Homeostatic Synaptic Plasticity at the Neuromuscular Junction in Myasthenia Gravis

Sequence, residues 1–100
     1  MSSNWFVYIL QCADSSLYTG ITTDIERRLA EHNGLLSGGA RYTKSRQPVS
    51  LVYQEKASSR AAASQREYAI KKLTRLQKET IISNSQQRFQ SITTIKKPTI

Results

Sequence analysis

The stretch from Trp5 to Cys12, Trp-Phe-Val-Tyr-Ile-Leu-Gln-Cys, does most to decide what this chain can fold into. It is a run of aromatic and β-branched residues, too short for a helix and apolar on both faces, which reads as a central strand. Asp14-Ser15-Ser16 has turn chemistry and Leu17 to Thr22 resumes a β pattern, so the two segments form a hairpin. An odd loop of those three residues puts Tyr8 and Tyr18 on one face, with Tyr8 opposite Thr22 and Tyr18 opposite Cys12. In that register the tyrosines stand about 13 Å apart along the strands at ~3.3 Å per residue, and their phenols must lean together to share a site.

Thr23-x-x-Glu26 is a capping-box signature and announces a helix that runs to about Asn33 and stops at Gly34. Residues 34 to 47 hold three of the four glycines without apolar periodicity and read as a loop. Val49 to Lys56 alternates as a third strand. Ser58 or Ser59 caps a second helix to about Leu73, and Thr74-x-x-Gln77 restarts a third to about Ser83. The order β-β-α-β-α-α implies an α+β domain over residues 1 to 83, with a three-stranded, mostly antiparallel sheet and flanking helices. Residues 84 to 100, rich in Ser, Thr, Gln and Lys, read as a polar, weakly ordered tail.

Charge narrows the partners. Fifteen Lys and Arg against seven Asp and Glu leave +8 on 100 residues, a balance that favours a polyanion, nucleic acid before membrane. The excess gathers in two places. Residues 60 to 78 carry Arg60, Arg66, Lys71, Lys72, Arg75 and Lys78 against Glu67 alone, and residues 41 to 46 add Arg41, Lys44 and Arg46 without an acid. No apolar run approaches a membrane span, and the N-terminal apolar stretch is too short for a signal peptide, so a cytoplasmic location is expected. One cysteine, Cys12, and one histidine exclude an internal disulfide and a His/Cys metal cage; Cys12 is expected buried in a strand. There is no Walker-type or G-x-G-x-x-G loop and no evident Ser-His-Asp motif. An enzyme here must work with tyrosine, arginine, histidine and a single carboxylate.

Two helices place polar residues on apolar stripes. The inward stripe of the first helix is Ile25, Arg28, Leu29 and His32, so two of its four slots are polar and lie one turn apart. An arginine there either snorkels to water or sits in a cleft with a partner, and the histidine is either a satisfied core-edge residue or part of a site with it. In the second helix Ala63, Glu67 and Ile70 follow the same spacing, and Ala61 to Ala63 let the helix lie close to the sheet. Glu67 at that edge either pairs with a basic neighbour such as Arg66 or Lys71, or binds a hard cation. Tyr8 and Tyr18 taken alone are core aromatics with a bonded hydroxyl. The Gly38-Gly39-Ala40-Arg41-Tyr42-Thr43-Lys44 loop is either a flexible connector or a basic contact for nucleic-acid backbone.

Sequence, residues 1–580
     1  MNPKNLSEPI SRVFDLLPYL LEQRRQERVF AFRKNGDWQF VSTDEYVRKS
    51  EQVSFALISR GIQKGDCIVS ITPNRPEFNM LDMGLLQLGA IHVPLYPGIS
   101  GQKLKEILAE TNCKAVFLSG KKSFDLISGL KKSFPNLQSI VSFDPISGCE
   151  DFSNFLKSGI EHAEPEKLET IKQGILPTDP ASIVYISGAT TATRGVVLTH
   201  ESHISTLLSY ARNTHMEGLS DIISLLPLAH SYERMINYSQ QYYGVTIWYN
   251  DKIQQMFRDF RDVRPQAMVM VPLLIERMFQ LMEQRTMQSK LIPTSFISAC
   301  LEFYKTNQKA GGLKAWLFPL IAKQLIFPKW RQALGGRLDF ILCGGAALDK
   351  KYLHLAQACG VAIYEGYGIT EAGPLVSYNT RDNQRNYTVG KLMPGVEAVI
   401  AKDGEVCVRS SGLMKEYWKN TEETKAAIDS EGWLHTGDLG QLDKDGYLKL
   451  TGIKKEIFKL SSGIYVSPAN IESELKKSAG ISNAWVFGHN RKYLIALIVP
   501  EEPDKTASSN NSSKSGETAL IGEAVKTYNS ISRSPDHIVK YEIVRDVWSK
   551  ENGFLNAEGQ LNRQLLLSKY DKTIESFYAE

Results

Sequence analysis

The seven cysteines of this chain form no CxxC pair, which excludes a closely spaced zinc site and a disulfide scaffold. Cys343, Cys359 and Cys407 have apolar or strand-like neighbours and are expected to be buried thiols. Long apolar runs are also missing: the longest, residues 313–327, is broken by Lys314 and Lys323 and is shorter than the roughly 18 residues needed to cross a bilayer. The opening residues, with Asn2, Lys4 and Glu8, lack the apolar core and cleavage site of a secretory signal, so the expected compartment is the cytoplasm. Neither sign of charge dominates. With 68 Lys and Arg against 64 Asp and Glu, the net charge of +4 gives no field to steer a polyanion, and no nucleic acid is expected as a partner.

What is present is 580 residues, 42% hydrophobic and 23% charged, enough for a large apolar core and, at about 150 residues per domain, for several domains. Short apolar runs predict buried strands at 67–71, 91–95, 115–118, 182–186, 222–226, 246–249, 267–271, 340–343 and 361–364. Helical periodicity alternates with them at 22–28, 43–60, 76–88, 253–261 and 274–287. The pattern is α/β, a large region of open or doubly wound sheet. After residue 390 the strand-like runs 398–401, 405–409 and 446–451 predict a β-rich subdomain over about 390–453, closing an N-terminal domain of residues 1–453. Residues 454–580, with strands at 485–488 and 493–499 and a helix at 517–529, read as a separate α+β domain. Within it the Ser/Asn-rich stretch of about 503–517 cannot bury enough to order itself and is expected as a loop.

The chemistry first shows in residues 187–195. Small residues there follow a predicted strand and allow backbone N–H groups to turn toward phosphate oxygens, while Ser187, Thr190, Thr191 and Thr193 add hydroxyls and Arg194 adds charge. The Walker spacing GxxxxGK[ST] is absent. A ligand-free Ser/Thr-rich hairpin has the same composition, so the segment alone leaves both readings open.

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A number of studies in the past 20 years have shown that perturbation of activity of the nervous system leads to compensatory changes in synaptic strength that serve to return network activity to its original level. This response has been termed homeostatic synaptic plasticity. Despite the intense interest in homeostatic synaptic plasticity, little attention has been paid to its role in the prototypic synaptic disease, myasthenia gravis. In this review, we discuss mechanisms that have been shown to mediate homeostatic synaptic plasticity at the mammalian neuromuscular junction. A subset of these mechanisms have been shown to occur in myasthenia gravis. The homeostatic changes occurring inmyasthenia gravis appear to involve the presynaptic nerve terminal andmay even involve changes in the excitability of motor neurons within the spinal cord. The finding of presynaptic homeostatic synaptic plasticity in myasthenia gravis leads us to propose that changes in the motor unit in myasthenia gravis may be more widespread than previously appreciated.



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